The invitation to participate in a COVID-19 antibody study arrived in Jacquelyn Temple’s in-box early last month.
Initially, the 72-year-old Leimert Park resident felt hope. She wondered whether the study and accompanying blood test could answer why she had been experiencing months of respiratory problems, even through her coronavirus test had come back negative. Maybe, she thought, the test would reveal that she had been exposed and recovered.
Then she was hit with what she calls “a Tuskegee moment.”
“Every time I think about ‘experimental’ or ‘we want to study you’ or ‘there’s no cure, but we can treat you’ ... Tuskegee is in the back of my mind,” Temple said after deciding to go forward with the antibody study anyway.
Such seeds of mistrust were sowed almost a century ago in a rural corner of Alabama where, for four decades, medical researchers used hundreds of black men as guinea pigs in a government study now known as the Tuskegee experiment.
In the study, which began in 1932, researchers told the men they were being treated for “bad blood.” They were not. Instead, the researchers watched as syphilis ravaged the men’s bodies. Even when a cure for the debilitating disease became widely available, the researchers went to great lengths to ensure the men were denied treatment.
Exposed by a whistleblower in the early 1970s, the Tuskegee experiment is the most infamous in a litany of abuses and questionable studies conducted on black Americans in past decades. For many across the country, it is a metaphor for discrimination and racism within the medical system.
“You cannot think of a more damning betrayal of a doctor-patient relationship than that,” said Dr. David M. Carlisle, president and chief executive of Charles R. Drew University of Medicine and Science.
Now that the nation is in the grips of a pandemic, public health officials must confront a legacy of distrust — handed down from generation to generation — of medical research, healthcare workers and government mandates.
Some are pushing back on the common refrain that black people are dying of COVID-19 at disproportionate rates because they suffer more from preexisting conditions, such as hypertension and heart disease. Instead, they are examining the lasting effects of the Tuskegee experiment, and how the often unfair and unequal treatment of black patients has factored into prevention and care during the pandemic.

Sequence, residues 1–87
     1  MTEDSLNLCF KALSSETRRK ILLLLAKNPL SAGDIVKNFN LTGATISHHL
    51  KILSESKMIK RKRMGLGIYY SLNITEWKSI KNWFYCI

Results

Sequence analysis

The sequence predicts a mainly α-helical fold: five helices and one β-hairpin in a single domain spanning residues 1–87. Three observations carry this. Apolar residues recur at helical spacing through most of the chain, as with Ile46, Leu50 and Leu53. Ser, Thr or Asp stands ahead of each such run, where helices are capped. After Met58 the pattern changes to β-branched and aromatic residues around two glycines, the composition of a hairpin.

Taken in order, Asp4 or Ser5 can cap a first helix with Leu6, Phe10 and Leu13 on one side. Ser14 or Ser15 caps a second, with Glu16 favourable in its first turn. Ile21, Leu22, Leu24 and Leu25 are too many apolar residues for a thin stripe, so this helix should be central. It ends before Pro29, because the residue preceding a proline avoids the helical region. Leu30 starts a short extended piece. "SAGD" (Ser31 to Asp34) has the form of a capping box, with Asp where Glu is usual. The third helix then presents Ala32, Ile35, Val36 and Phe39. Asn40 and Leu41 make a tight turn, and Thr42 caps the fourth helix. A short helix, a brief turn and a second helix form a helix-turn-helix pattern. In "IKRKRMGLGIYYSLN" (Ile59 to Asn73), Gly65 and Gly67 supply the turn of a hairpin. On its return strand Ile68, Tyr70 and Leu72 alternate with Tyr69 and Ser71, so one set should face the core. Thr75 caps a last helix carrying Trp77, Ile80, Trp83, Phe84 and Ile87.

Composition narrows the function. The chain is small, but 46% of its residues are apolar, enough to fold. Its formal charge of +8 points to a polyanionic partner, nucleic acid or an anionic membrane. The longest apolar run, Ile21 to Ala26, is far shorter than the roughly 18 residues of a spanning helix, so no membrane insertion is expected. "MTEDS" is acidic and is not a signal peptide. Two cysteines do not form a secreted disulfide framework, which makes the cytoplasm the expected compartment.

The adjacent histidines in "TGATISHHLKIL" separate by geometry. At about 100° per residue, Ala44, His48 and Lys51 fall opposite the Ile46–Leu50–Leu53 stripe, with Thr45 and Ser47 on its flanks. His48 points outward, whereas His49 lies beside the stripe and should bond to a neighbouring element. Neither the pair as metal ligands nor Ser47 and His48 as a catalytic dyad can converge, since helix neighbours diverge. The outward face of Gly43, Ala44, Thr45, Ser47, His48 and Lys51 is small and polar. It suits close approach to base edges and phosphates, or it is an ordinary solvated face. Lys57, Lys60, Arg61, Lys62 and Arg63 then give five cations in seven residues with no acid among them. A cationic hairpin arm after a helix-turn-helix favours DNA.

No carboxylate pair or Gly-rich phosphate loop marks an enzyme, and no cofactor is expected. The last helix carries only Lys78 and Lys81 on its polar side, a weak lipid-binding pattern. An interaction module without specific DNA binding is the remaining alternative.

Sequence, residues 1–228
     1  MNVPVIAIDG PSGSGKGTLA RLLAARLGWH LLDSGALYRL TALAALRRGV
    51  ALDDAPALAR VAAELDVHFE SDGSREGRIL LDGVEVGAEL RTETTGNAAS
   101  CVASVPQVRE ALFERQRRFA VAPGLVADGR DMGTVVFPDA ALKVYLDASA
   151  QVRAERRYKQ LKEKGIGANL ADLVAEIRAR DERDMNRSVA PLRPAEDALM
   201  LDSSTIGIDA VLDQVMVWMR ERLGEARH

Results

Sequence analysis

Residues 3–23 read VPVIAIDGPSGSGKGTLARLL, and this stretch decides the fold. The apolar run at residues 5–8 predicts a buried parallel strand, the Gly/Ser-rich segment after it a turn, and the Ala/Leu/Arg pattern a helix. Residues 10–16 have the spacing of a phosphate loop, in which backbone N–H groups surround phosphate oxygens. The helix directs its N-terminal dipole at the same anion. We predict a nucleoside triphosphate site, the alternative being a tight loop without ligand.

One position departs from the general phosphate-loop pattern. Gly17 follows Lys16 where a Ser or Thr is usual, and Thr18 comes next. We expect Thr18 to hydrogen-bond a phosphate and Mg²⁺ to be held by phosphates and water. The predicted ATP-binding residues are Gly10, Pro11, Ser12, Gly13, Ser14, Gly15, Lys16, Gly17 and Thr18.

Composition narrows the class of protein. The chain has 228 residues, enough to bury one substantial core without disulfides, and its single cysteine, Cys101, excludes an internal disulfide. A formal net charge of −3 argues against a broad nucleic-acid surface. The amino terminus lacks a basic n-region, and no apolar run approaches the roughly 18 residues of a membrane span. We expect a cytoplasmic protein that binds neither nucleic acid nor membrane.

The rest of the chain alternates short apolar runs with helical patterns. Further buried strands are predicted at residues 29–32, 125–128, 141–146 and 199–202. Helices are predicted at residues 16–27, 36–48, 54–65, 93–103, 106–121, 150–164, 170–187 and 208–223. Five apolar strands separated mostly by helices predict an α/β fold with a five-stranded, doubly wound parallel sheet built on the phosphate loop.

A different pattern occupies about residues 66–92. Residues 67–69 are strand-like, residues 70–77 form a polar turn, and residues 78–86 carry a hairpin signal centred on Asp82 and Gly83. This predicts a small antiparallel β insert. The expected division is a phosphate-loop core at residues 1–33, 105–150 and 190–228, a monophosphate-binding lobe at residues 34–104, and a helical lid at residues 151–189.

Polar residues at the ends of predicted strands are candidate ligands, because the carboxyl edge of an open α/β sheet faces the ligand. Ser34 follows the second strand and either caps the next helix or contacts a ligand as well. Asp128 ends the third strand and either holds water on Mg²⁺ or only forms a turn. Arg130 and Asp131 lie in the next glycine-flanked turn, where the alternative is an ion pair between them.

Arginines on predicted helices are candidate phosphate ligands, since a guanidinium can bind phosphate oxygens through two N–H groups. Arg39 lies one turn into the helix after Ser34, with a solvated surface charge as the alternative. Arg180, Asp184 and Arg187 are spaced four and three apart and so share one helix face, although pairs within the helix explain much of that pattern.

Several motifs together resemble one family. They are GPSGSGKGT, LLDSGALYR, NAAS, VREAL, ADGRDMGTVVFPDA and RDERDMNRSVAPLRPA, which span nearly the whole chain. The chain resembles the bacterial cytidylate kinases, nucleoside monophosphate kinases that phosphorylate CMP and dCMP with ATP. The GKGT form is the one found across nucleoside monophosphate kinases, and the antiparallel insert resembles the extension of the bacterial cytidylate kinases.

There are reasons for concern. In late April, Los Angeles become the first urban area in the nation to offer widespread testing for the novel coronavirus, regardless of symptoms. But preliminary racial data show that black people are underrepresented among the ranks of those tested.
“We can’t talk about the disparity of COVID without talking about the recognition of how those disparities arose and what they reflect,” said Dr. Nadine Burke Harris, California’s surgeon general. “Because it’s not that black people are inherently sicker than others.”
A lot of it boils down to trust, some experts and researchers say.
Decades of discrimination, reinforced by segregated hospitals and an overall lack of access to adequate medical care, have often worked against establishing even a fragile bond between black patients and often nonblack doctors. Research shows that this lack of confidence in physicians and hospitals makes black people less likely to seek medical care or to adhere to recommended treatment plans.
That is particularly problematic when it comes to combating the coronavirus, Burke Harris said.
The most vital tool health officials have in a pandemic is trust that policies and decisions are being made in the public’s best interest. This belief impacts behavior, including whether people obey stay-at-home orders, practice social distancing and follow guidance to wear masks, she said.
There were reasons to worry in the early days of the pandemic. A rumor that black people were immune from the coronavirus was running rampant on social media, likely giving some a false sense of security as they continued with their daily routines against the advice of health officials and elected leaders.
It wasn’t until cities across the country began releasing statistics showing black people contracting and dying of the coronavirus at high rates that the rumor was debunked.